But again, this is mostly the consequence of too many employers offering too many highly paid jobs. I’m sure that many cities would love to swap their particular problems for this one. I guess the question in my mind with respect to politics and governance is how will the Seattle area adapt to these changing circumstances.
The obvious solution to housing prices is just to build enough housing for people who want to live and work here, but this is politically extremely difficult. The current strategy of “urban villages” is built on the language of minimizing impact through clusters of density, but could also be cynically interpreted as a strategy to grudgingly accommodate new residents and jobs while inducing the least amount of change on single family neighborhoods. I’m personally deeply skeptical that building clusters of luxury high rise studio apartments is the ideal solution, beyond relieving pressure at the upper end of the market for highly paid, unattached professionals. It’s not obvious to me where the families are supposed to live, if growth is channeled into 600 square foot apartments in neighborhoods that may not even have schools. I also suspect that this development pattern worsens the economic fault lines.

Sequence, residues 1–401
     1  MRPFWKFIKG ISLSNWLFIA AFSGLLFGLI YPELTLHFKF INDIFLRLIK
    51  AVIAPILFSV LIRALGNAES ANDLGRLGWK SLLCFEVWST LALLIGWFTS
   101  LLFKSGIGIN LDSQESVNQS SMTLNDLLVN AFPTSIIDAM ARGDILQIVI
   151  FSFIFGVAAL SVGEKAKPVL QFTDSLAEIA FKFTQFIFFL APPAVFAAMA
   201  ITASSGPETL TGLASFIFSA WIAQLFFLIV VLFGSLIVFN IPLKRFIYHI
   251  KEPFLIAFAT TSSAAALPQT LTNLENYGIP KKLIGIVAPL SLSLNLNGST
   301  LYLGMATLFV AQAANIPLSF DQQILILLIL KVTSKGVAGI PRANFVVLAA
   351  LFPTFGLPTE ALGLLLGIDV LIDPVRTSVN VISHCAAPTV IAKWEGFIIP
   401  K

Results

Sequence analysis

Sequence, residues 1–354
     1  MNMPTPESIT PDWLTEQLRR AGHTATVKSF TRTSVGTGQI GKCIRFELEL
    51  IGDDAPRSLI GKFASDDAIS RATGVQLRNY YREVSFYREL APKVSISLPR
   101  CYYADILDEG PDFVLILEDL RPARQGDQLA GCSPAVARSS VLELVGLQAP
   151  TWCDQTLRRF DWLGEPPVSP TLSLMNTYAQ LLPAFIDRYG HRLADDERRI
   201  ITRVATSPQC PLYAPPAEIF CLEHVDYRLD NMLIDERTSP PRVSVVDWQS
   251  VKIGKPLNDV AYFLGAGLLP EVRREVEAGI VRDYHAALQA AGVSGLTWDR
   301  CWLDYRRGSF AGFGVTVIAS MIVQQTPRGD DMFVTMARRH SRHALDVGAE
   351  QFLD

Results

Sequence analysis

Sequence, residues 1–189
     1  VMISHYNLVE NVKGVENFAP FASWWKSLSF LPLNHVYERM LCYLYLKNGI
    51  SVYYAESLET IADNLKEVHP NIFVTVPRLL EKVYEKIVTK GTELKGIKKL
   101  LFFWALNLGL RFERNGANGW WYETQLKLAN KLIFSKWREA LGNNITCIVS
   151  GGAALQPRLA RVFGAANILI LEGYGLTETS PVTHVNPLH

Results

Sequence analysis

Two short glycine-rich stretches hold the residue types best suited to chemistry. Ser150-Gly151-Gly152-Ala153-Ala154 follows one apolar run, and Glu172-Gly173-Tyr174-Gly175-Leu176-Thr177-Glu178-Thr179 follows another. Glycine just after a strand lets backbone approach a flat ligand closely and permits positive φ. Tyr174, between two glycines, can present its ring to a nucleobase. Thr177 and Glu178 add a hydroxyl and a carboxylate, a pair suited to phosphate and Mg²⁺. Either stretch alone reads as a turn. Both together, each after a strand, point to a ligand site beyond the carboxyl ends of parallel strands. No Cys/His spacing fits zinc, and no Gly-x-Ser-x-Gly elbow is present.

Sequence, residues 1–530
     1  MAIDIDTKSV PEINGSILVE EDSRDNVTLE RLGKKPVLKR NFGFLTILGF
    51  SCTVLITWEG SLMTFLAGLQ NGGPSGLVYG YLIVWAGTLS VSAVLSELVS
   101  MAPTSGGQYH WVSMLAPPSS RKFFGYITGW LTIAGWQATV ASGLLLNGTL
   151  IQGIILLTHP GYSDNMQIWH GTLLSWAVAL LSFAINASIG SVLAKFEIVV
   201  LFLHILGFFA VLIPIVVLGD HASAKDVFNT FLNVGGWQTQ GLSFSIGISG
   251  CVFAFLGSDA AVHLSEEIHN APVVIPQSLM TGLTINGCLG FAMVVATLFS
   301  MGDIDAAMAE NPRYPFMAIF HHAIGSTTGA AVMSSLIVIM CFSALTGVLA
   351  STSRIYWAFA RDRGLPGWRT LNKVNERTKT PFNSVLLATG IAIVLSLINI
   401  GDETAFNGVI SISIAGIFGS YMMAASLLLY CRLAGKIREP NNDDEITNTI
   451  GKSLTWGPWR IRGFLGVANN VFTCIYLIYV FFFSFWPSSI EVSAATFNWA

The transportation issue is possibly even more difficult, as our infrastructure here is deeply unadaptable. I mean, at least it’s physically reasonable to build triplexes, even if politically impossible. The freeways, however, are a joke, and I don’t see a feasible way to fix them. I-5 through downtown is a joke, but what can you do? Even if you could somehow round up billions and billions of dollars to add lanes it would take many years to build, and chances are as soon as the new lanes opened they too would be over capacity. We’ve hit critical mass, or a tipping point, or whatever metaphor you prefer, where doubling down on the past doesn’t make sense, but that’s also what people are most comfortable doing.